Clifford Algebras and their Applications in Mathematical Physics

Volume 1: Algebra and Physics

Clifford Algebras and their Applications in Mathematical Physics

The plausible relativistic physical variables describing a spinning, charged and massive particle are, besides the charge itself, its Minkowski (four) po sition X, its relativistic linear (four) momentum P and also its so-called Lorentz (four) angular momentum E # 0, the latter forming four trans lation invariant part of its total angular (four) momentum M. Expressing these variables in terms of Poincare covariant real valued functions defined on an extended relativistic phase space [2, 7J means that the mutual Pois son bracket relations among the total angular momentum functions Mab and the linear momentum functions pa have to represent the commutation relations of the Poincare algebra. On any such an extended relativistic phase space, as shown by Zakrzewski [2, 7], the (natural?) Poisson bracket relations (1. 1) imply that for the splitting of the total angular momentum into its orbital and its spin part (1. 2) one necessarily obtains (1. 3) On the other hand it is always possible to shift (translate) the commuting (see (1. 1)) four position xa by a four vector ~Xa (1. 4) so that the total angular four momentum splits instead into a new orbital and a new (Pauli-Lubanski) spin part (1. 5) in such a way that (1. 6) However, as proved by Zakrzewski [2, 7J, the so-defined new shifted four a position functions X must fulfill the following Poisson bracket relations: (1.

Geometric Computing for Perception Action Systems

Concepts, Algorithms, and Scientific Applications

Geometric Computing for Perception Action Systems

After an introduction to geometric algebra, and the necessary math concepts that are needed, the book examines a variety of applications in the field of cognitive systems using geometric algebra as the mathematical system. There is strong evidence that geobetric albegra can be used to carry out efficient computations at all levels in the cognitive system. Geometric algebra reduces the complexity of algebraic expressions and as a result, it improves algorithms both in speed and accuracy. The book is addressed to a broad audience of computer scientists, cyberneticists, and engineers. It contains computer programs to clarify and demonstrate the importance of geometric algebra in cognitive systems.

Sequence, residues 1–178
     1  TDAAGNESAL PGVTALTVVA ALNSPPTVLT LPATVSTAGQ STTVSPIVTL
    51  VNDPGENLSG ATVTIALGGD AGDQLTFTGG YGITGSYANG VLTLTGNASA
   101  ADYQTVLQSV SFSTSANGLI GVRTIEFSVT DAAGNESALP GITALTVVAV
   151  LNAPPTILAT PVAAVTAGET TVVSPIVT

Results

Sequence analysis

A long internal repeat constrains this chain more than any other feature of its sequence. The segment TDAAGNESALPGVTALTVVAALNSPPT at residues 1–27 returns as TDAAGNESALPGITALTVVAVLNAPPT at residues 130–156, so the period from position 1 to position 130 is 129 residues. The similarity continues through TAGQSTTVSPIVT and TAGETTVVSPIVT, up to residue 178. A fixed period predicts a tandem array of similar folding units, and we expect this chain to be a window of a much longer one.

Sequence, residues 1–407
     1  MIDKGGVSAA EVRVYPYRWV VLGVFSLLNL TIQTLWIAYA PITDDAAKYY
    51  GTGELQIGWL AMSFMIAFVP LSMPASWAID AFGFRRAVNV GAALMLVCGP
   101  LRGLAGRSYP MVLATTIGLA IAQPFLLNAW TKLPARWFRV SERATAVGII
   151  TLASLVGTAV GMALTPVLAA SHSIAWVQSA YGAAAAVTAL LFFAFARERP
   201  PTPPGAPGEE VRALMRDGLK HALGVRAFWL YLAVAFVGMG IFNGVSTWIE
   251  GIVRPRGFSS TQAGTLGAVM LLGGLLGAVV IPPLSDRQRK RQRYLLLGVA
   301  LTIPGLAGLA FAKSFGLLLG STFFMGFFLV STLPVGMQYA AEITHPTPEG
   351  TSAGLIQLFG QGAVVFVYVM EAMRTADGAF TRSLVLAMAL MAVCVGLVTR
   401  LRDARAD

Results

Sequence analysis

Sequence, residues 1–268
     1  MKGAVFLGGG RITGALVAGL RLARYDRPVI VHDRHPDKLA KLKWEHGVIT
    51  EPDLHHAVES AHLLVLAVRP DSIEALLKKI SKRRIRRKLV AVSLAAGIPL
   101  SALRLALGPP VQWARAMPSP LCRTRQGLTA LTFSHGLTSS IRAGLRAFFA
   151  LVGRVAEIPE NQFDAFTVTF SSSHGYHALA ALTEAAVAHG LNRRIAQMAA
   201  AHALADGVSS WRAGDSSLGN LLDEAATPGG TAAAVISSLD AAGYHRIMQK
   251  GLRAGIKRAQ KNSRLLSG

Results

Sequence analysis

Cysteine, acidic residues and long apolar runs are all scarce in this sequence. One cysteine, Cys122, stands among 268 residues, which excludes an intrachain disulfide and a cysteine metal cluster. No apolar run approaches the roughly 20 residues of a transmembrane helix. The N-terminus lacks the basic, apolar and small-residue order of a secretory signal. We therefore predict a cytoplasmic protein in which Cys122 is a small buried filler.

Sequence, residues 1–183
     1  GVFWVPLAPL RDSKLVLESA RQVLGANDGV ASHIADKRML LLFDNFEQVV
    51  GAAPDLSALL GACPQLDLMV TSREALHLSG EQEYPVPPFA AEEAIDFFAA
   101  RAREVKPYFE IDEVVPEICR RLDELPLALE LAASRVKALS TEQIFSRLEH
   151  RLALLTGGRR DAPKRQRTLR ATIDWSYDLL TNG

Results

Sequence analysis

Introduction to Geometric Algebra Computing

Introduction to Geometric Algebra Computing

From the Foreword: "Dietmar Hildenbrand's new book, Introduction to Geometric Algebra Computing, in my view, fills an important gap in Clifford's geometric algebra literature...I can only congratulate the author for the daring simplicity of his novel educational approach taken in this book, consequently combined with hands on computer based exploration. Without noticing, the active reader will thus educate himself in elementary geometric algebra algorithm development, geometrically intuitive, highly comprehensible, and fully optimized." --Eckhard Hitzer, International Christian University, Tokyo, Japan Geometric Algebra is a very powerful mathematical system for an easy and intuitive treatment of geometry, but the community working with it is still very small. The main goal of this book is to close this gap with an introduction to Geometric Algebra from an engineering/computing perspective. This book is intended to give a rapid introduction to computing with Geometric Algebra and its power for geometric modeling. From the geometric objects point of view, it focuses on the most basic ones, namely points, lines and circles. This algebra is called Compass Ruler Algebra, since it is comparable to working with a compass and ruler. The book explores how to compute with these geometric objects, and their geometric operations and transformations, in a very intuitive way. The book follows a top-down approach, and while it focuses on 2D, it is also easily expandable to 3D computations. Algebra in engineering applications such as computer graphics, computer vision and robotics are also covered.